July 18, 2019
The U.S. Court of Appeals for the D.C. Circuit overturned, on jurisdictional grounds, a lower court ruling blocking the implementation of three controversial Trump Workforce Executive Orders taking aim at federal employee unions. The International Association of Machinists and Aerospace Workers and its affiliate National Federation of Federal Employees-IAMAW Federal District 1 seeks your support in pursuing legislative remedies to block and reverse these destructive executive orders.
In its ruling issued on July 16, 2019, the three-judge panel stated in overruling the lower court decision that the suit lacked judicial jurisdiction and that federal employees and their representatives can only seek relief from the court after going through the administrative process, namely the Federal Labor Relations Authority. This decision condemns the federal workforce to a fate dictating that workers must sit back and watch their rights being trampled upon by overzealous agency management personnel, as unions are now forced to address contract and statute violations by filing Unfair Labor Practice charges with the FLRA, an agency filled with partisan appointees, devoid of a general counsel, and plagued with huge case backlogs.
The appeals court overturned an August 2018-decision from the District of Columbia federal district court, which invalidated nine key provisions of the President’s three Federal Workforce Executive Orders, 13836, 13837 and 13838, that conflicted with the original intent of Congress when passing the Civil Service Reform Act and Federal Labor-Management Relations Statute in 1978.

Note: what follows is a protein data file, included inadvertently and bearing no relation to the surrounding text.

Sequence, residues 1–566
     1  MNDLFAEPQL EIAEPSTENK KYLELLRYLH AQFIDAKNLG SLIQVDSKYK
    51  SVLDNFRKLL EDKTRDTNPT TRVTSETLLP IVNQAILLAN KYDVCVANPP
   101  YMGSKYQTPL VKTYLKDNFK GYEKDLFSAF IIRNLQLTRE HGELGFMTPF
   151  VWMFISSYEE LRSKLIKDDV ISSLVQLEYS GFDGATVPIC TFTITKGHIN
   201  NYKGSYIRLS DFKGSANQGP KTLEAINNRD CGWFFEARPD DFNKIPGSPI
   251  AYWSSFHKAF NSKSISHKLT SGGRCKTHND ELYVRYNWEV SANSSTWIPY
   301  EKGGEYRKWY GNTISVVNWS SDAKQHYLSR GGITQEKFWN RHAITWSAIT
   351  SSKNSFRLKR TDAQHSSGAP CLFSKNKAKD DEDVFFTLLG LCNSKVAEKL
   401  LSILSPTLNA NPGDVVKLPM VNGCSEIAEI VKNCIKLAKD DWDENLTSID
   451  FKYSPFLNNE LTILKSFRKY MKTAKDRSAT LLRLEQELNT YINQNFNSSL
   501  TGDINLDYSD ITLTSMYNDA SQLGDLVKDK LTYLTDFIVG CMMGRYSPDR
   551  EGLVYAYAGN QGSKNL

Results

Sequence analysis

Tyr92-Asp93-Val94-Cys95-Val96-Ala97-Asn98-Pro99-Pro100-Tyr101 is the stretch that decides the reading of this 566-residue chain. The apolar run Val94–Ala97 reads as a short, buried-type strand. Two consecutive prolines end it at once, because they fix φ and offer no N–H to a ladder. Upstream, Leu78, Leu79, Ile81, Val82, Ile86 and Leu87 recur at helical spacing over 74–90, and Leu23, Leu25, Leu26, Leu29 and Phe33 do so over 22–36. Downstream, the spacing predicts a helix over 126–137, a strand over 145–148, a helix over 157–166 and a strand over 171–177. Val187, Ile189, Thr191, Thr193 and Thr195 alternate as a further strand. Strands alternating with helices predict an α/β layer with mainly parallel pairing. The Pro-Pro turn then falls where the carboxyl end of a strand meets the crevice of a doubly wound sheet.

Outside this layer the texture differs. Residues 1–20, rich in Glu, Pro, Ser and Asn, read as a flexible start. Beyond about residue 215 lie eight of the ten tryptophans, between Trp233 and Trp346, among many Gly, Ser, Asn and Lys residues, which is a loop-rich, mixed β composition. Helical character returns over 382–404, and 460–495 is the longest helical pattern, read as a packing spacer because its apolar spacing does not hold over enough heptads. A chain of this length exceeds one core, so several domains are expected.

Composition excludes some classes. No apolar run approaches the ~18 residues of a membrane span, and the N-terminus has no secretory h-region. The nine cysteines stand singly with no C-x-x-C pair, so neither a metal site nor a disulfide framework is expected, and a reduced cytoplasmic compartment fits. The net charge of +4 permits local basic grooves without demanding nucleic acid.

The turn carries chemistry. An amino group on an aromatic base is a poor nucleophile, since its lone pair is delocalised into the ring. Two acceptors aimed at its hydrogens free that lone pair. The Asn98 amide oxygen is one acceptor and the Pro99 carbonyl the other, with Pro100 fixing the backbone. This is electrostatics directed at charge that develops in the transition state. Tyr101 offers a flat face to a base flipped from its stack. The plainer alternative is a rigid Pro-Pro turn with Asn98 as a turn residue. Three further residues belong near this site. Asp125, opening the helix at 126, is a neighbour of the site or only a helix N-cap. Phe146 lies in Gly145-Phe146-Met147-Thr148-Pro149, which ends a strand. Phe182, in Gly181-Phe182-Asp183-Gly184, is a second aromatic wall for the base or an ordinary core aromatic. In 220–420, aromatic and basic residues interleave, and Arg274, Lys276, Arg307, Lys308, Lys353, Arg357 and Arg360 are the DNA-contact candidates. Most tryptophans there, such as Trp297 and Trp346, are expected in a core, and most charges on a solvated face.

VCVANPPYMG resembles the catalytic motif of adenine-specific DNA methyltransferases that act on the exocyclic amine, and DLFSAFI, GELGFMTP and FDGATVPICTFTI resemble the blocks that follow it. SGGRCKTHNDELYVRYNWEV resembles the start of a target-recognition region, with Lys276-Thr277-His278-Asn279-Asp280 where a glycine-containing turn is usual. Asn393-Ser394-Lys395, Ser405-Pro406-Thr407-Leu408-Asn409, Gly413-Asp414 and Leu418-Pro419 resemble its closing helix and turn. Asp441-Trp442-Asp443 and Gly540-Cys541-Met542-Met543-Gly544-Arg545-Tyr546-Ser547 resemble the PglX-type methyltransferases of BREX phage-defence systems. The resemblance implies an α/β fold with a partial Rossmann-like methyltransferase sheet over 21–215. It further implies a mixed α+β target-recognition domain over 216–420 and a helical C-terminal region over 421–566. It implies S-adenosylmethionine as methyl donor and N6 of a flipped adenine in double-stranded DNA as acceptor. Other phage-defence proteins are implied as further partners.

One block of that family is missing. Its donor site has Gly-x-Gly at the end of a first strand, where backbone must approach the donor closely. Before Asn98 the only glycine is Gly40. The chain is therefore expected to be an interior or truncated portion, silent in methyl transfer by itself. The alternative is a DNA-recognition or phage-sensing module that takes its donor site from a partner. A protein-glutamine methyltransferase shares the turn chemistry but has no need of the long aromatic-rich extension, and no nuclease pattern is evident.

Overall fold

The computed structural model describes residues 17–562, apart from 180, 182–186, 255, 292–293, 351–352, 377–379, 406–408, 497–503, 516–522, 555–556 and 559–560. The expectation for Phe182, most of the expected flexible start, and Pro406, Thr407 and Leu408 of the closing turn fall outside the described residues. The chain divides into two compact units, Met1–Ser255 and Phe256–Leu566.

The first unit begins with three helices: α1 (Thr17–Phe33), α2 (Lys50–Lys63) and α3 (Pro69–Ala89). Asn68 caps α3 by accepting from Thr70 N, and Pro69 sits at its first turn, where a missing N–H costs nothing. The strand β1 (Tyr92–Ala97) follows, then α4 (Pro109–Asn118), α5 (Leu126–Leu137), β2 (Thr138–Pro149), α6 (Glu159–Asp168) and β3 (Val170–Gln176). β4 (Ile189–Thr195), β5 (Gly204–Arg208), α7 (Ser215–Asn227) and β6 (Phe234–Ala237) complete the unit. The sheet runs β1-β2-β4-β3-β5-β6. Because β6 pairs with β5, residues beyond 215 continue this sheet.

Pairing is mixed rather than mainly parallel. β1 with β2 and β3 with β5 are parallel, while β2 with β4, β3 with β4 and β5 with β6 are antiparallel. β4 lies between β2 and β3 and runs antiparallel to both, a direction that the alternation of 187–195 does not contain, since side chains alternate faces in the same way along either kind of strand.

Those provisions include:
· The imposition of a 25% cap on the use of official time,
· The prohibition against employees’ right to petition and communicate with Congress,
· The ban on the use of official time by union representatives to prepare and present grievances,
· The one hour per bargaining unit employee formula to be applied to set an aggregate cap on the use of official time,
· The limitations placed on unions’ use of agency facilities, such as office space and computers,
· The exclusion of challenges to performance ratings and incentive pay from the scope of the negotiated grievance procedure,
· The limitation of performance improvement periods to 30 days, with agencies alone having the discretion to apply longer periods,
· The direction to agencies to press for the exclusion of removals from the scope of the negotiated grievance procedure, and
· The prohibition against bargaining over “permissive” subjects.
The days of disrespecting the federal workforce by this Administration must come to an end.
For more information, please contact Government Employees Director Jim Price at (301) 967-4753 or via email at email@example.com.
Robert Martinez, Jr.